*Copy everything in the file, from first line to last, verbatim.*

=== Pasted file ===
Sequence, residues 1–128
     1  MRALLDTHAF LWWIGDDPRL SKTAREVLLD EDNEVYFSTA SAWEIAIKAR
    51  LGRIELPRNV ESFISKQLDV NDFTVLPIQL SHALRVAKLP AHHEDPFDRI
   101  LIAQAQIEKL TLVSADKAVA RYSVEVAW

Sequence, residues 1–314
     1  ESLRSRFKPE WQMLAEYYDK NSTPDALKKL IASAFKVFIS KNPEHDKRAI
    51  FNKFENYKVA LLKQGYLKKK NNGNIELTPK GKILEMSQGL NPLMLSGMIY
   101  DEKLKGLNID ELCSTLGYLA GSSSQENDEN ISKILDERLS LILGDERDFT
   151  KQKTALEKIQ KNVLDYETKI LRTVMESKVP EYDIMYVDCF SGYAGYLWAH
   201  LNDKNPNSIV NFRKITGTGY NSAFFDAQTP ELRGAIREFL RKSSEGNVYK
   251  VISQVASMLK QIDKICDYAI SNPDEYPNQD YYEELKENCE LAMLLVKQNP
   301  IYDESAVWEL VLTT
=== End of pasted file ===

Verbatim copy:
Sequence, residues 1–128
     1  MRALLDTHAF LWWIGDDPRL SKTAREVLLD EDNEVYFSTA SAWEIAIKAR
    51  LGRIELPRNV ESFISKQLDV NDFTVLPIQL SHALRVAKLP AHHEDPFDRI
   101  LIAQAQIEKL TLVSADKAVA RYSVEVAW

Sequence, residues 1–314
     1  ESLRSRFKPE WQMLAEYYDK NSTPDALKKL IASAFKVFIS KNPEHDKRAI
    51  FNKFENYKVA LLKQGYLKKK NNGNIELTPK GKILEMSQGL NPLMLSGMIY
   101  DEKLKGLNID ELCSTLGYLA GSSSQENDEN ISKILDERLS LILGDERDFT
   151  KQKTALEKIQ KNVLDYETKI LRTVMESKVP EYDIMYVDCF SGYAGYLWAH
   201  LNDKNPNSIV NFRKITGTGY NSAFFDAQTP ELRGAIREFL RKSSEGNVYK
   251  VISQVASMLK QIDKICDYAI SNPDEYPNQD YYEELKENCE LAMLLVKQNP
   301  IYDESAVWEL VLTT